New World Bank Strategy for Solomon Islands Focuses on Reducing Barriers to Growth
May 10, 2010
Washington DC – 10 May, 2010 – The World Bank has approved a country strategy for Solomon Islands which aims to support the Pacific Island nation to get onto a stable and sustainable growth path for the long term.
The strategy represents an important step forward for World Bank Group engagement with Solomon Islands, having the distinction of being the first individual strategy document to be presented to the Bank’s Board for any Pacific Island state.
While Solomon Islands, one of the Pacific region’s poorest countries, has emerged from a period of internal conflict (1998 – 2003), it has also been affected by successive global food, fuel and financial crises. In 2009, with the fall in Solomon Island log exports and a major drop in international commodity prices, growth fell to just 1 percent.
The 18-month “interim strategy note” was prepared jointly with the World Bank’s private sector arm – the International Finance Corporation – and revolves around three goals:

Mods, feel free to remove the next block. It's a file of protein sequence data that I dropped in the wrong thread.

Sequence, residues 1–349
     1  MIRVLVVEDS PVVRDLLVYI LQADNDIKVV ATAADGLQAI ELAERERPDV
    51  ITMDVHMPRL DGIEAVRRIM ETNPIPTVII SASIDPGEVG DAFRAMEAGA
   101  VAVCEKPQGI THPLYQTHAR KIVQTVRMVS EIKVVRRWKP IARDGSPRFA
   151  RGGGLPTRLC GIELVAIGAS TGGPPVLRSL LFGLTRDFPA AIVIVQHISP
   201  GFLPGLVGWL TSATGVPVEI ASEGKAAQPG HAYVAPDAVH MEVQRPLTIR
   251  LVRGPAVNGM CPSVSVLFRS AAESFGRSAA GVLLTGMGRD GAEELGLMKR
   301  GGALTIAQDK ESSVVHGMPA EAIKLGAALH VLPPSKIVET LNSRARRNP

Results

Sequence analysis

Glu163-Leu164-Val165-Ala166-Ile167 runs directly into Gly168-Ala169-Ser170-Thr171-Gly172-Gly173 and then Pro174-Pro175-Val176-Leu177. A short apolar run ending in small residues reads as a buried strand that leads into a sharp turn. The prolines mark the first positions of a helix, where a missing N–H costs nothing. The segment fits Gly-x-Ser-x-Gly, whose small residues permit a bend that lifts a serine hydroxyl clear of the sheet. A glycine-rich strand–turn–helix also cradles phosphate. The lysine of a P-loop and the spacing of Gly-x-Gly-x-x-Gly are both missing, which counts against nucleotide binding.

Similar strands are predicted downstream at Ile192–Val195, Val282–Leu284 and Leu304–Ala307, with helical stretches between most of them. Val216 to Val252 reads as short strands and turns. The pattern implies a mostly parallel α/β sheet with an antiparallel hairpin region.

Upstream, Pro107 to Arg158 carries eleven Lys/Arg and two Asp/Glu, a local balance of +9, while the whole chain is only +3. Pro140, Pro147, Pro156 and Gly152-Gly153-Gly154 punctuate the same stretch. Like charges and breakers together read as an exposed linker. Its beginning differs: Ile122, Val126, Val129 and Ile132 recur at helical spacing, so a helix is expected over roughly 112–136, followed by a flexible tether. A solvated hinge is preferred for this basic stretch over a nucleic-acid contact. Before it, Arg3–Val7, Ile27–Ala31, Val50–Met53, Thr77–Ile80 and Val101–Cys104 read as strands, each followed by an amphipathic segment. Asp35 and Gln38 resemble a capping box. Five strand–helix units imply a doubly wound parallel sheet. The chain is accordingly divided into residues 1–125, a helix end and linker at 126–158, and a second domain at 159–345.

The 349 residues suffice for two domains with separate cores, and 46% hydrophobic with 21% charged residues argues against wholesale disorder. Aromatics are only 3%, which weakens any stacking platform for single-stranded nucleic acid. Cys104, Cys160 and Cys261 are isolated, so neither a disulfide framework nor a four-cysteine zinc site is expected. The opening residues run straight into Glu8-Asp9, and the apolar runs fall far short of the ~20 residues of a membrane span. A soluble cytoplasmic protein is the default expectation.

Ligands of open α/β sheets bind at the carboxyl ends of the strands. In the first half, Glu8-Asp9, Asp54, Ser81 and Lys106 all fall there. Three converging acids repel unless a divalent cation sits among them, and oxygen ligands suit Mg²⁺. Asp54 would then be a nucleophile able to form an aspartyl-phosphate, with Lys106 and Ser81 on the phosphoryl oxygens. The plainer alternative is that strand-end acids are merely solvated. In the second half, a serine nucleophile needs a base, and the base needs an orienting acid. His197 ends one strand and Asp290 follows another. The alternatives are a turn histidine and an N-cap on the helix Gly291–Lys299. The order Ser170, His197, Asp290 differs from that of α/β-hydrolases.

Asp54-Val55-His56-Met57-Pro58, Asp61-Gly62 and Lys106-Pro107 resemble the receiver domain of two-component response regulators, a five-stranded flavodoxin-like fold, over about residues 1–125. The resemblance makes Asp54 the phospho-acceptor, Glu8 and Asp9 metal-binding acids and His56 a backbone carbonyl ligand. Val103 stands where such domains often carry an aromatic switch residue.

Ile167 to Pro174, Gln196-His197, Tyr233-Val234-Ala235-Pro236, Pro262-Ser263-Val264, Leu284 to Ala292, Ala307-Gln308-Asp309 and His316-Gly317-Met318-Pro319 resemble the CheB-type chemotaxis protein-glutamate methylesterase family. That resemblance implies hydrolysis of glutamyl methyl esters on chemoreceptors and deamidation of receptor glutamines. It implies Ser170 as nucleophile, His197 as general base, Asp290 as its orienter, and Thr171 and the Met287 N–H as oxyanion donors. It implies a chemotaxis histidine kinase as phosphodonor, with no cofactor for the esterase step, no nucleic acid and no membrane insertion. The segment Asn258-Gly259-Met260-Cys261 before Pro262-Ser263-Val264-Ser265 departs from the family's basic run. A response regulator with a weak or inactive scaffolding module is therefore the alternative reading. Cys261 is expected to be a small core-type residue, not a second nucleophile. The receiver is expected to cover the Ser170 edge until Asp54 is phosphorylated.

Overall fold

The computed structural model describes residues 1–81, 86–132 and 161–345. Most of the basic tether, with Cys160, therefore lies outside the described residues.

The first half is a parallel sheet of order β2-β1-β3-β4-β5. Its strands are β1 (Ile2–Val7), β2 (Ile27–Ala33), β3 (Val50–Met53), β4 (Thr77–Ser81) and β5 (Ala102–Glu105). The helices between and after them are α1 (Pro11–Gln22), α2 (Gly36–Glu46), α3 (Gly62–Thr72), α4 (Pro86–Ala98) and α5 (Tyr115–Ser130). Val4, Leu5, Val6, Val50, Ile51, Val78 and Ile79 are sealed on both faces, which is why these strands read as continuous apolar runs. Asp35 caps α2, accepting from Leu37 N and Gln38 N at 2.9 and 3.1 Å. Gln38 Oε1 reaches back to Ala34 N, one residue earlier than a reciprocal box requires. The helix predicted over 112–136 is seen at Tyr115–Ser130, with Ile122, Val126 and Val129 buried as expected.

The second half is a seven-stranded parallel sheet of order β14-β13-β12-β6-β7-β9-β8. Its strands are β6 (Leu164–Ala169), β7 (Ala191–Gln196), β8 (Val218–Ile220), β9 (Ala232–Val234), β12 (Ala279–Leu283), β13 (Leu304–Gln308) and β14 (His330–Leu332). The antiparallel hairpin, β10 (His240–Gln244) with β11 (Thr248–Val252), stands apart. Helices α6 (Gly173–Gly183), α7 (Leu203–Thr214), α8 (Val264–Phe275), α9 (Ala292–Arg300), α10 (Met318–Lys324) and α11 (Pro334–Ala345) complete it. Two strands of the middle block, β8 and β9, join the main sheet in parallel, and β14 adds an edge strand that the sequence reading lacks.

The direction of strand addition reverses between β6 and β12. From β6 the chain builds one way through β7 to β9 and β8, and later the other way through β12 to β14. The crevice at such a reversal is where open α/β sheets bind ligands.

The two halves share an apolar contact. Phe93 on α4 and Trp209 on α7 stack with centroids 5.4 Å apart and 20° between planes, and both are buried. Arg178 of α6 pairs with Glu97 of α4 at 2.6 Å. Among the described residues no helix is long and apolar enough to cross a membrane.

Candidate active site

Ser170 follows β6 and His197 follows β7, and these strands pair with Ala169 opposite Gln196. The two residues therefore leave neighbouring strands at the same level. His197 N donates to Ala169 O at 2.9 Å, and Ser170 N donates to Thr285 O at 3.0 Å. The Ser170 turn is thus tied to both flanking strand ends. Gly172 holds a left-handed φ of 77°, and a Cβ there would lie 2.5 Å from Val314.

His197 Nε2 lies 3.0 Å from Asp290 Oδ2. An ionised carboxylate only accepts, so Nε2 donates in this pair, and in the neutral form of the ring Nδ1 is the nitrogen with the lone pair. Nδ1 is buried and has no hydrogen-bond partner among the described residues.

- addressing surmountable barriers to growth;
- enhancing the benefits of global and regional engagement; and
- supporting improvements in public administration and management.
To support each goal, the strategy outlines a number of key policy actions and projects that it will support, including: telecommunications development, investment in more reliable and sustainable power systems, expanding access to finance, community-driven development and revitalized agriculture extensions services, mining sector oversight, improvements in public financial management, urban youth employment, and simplification of business regulation.
The World Bank Group complements its financial support with analytical and advisory work on critical policy questions, drawing on knowledge and experience as a global institution.
Solomon Islands has been a member of the World Bank Group since the country’s independence in 1978. A joint World Bank Group and Asian Development Bank office opened in the capital, Honiara, in 2008 – enabling far greater engagement with the Government and other stakeholders in the country’s development.
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